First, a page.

"Powers & Abilities (Part 4)"
Writer: Will Pfeifer
Publisher: DC Comics
Jerry possesses a magical device that can transform him into a variety of super-heroes with extraordinary powers. But Jerry's attempts at heroism are met by greater and greater failure. While trying to prevent a robbery Jerry's girlfriend is shot and gravely wounded, which has caused him to contemplate suicide.
In this final chapter of the first HERO story arc we learn why Jerry has called a suicide hotline. But this realization does not come as quite the shock that writer Will Pfeifer had built up. And although there is closure to Jerry's tale, there are still far too many unanswered questions remaining - in fact, some of the most important ones were never asked at all.
We learned with absolute certainty last issue that Jerry is not Peter Parker. He does not possess either the character or the determination to be a super hero, regardless of the powers that the HERO device might provide him. If you or I were given the speed and moves of Barry Sanders would we automatically become the world's greatest running back? It's an interesting dilemma, but one not sufficiently explored here. Perhaps the underlying message is that heroism has more to do with heart than with speed or strength, which is a fairly positive metaphor for the real world – especially considering how cynical and pessimistic the world has become recently. Unfortunately, Jerry lacks the fortitude required to play the part. Consequently, the counter message of HERO might be that some people are simply destined to fail, no matter what advantages they're provided - all the cynics and pessimists out there are probably nodding their heads right now.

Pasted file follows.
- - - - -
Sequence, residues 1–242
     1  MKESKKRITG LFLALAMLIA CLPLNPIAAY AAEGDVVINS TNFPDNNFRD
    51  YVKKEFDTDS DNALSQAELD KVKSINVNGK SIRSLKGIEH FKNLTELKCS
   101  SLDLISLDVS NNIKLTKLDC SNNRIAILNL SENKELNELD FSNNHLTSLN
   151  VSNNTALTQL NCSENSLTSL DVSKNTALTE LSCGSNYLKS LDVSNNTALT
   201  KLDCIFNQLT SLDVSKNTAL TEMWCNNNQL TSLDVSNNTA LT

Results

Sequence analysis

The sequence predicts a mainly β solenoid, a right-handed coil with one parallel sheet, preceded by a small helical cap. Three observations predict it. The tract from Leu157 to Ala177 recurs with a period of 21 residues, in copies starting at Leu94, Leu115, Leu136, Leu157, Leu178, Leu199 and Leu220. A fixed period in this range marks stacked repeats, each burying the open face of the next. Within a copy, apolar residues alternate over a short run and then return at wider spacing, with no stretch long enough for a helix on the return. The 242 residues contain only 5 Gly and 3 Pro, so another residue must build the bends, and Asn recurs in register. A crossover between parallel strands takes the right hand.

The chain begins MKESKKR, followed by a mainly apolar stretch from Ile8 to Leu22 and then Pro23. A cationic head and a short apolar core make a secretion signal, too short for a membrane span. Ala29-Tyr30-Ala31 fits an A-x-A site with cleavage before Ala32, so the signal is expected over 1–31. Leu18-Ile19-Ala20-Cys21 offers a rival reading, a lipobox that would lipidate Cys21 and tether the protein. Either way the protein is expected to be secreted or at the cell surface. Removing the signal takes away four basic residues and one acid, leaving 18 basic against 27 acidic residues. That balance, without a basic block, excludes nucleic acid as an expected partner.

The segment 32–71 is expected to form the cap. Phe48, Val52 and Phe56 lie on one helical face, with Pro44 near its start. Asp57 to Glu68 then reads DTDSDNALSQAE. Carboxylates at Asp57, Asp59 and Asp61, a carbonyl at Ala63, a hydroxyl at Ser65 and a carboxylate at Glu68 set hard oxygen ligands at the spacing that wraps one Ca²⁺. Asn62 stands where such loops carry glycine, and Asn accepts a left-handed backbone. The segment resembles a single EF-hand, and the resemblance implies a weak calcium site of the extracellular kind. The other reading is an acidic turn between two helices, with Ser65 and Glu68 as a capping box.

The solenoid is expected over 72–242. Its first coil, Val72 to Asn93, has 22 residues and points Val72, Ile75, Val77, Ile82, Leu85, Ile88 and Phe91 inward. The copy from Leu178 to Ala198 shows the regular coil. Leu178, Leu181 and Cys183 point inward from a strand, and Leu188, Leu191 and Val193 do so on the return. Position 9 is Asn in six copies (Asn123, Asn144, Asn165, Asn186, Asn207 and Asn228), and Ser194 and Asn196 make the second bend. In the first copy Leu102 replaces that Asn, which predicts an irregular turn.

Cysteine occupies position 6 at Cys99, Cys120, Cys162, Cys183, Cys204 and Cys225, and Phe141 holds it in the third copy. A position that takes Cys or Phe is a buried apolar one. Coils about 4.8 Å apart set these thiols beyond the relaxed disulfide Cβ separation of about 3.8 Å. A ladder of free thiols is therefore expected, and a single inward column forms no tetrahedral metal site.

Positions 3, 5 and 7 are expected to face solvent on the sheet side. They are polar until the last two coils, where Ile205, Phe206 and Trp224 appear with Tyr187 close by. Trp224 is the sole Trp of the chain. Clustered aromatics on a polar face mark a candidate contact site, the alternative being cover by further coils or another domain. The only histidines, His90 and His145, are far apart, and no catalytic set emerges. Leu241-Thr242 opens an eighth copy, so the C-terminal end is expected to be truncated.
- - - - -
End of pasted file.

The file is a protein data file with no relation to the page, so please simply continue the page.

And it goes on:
Pfeifer's story is kept narrow and isolated, which fits Jerry, who doesn't seem the type to travel far from home. He hasn't flown off to Paris or saluted pilots in a passing 747. If Jerry were a cop he might have zipped down to Columbia and destroyed the cocaine fields; if he were a soldier he could have hunted down Osama Bin Laden. But Jerry shovels ice cream, so the best he can do is go looking for punks dealing crack on the sketchy side of town. Sadly, what does that say about Jerry? He thinks small and has no imagination. Not someone we would normally desire as a central protagonist. I kept wishing that Jerry would show some glimmer of the man he might be. It might have been interesting had Superman, Jerry's idol, shown up for a pep talk or better yet slapped him around for playing with fire.
However, the biggest problem with HERO is that no attempt is ever made to explain the HERO device itself. The closest Pfeifer gets to an explanation is the mysterious old lady who was apparently the previous owner. But she doesn't lend any insight beyond whining about how great it felt to be young again. Brian Azzarello's "100 Bullets" is perhaps the closest comparison I can draw to HERO. It too is an anthology series built upon a simple premise. The difference between the two is that Azzarello weaves a thread of governmental conspiracy into each story, which lends situations and characters additional, sometimes broader meaning. In HERO Jerry is exactly what he appears to be: a loser who doesn't even have Walter Mitty pretensions. HERO is well written and expertly drawn, but it appears content to tell solitary "Twilight Zone" stories in the DC universe.
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